Photo Credit: Jewish Press

The language as it appears in Pirkei Avot is very strange. There it says, “Aseh lecha rav, u-kneh lecha chaver – Make for yourself a teacher and acquire for yourself a friend.” Why is the language different when dealing with a teacher as opposed to dealing with a friend? How does one acquire a friend? How does one make for oneself a teacher?

It would seem that the relationship that one has with a teacher is often one-sided. You choose in essence who your teacher is and you follow his/her teachings. One may therefore choose a teacher in many cases without the consent or approval of the teacher.

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But when one seeks friendship there must be reciprocity. You cannot choose a friend just because you like him/her. There must be an interrelationship­ – a give and take – between the two parties. Thus to become a friend, acquisition is essential, denoting a process that in some cases takes many years. Thus the language used by our Sages connotes an arduous process that can take a lifetime to develop. Once developed, however, the relationship has the potential to become intense and meaningful.

The same statement in Pirkei Avot describes such a relationship. In depicting an unconditional love, our Sages describe the friendship on David and Yehonatan. David was heir to the throne of King Shaul, yet a sworn enemy of his. Yehonatan was the son of King Shaul, and he was the rightful successor to the throne were it not for the sins of his father.

In spite of this difficult situation, David and Yehonatan established a unique friendship, a friendship and love that was unconditional. For no matter how difficult the times got, no matter how much King Shaul hated and attempted to kill David, Yehonatan his son was loyal to his dear friend. When Yehonatan died in battle, David in a heart-rendering song lamented the death of his dear and beloved friend.

Friendship in many cases is very elusive. People develop friendships feeling that they have a special relationship with a person – a kindred spirit – but then things get tough and this loyal friend is not at your side anymore, choosing instead to be a part of the social masses.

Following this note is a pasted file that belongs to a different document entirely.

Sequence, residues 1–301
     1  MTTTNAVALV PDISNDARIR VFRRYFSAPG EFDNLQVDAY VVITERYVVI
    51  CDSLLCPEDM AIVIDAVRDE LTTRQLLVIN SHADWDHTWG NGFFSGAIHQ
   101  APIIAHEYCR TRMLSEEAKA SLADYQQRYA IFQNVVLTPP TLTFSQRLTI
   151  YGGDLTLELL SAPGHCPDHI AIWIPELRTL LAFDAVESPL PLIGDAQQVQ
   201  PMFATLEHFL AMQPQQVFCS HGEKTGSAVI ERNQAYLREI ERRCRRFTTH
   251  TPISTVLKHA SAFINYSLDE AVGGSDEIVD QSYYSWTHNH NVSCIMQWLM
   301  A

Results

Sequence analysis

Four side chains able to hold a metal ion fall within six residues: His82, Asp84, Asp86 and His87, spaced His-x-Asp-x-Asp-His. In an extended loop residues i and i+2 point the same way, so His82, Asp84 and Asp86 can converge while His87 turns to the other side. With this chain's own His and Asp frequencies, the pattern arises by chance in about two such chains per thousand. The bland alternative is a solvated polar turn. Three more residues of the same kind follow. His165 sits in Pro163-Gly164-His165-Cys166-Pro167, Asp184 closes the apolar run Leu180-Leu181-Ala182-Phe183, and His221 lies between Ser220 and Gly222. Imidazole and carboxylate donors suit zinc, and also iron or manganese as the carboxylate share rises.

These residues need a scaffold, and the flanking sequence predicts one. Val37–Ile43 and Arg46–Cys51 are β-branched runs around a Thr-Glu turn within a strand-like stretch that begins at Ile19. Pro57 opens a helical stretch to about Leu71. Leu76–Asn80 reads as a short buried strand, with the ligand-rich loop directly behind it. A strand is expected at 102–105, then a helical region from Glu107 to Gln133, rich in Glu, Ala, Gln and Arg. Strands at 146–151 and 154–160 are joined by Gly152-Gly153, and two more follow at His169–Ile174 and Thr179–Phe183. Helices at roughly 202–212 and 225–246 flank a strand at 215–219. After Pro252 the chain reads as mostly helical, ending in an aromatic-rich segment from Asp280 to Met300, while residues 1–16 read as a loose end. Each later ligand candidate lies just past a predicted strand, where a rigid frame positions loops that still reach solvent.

I recall such an incident. A woman in my community was the most popular and sought-after friend in the social arena. Everyone called her, and she felt that she had many friends who seemed to always want to be her friend in the good times.

Then she was stricken with catastrophe.

She was diagnosed with cancer, and her priorities and her focus changed. When confronting her challenge she naturally turned to her friends for comfort and solace. Over time however her friends dwindled down to very few. You see, when the road gets tough often you realize who your friends really are. King David realized this when he was fleeing from his son Avshalom. We realize this when difficulties strike and the friends we thought were loyal, people who you helped and supported, were not to be found.

Very often one realizes that your only true friends are your spouse and your family.

In leadership as well we are often faced with challenges that force one to make unpopular choices. Sometimes your most loyal supporters turn on you, and you face the choice of sticking to your convictions, which might bring with it severe criticism, or going with the crowd and avoid the conflict.

In every case, however, the people who are there when you face this difficulty are your true friends. Such people are very few and far between.

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Rabbi Mordechai Weiss has been involved in Jewish education for the past forty-six years, serving as principal of various Hebrew day schools. He has received awards for his innovative programs and was chosen to receive the coveted Outstanding Principal award from the National Association of Private Schools. He now resides in Israel and is available for speaking engagements. Contact him at ravmordechai@aol.com or 914-368-5149.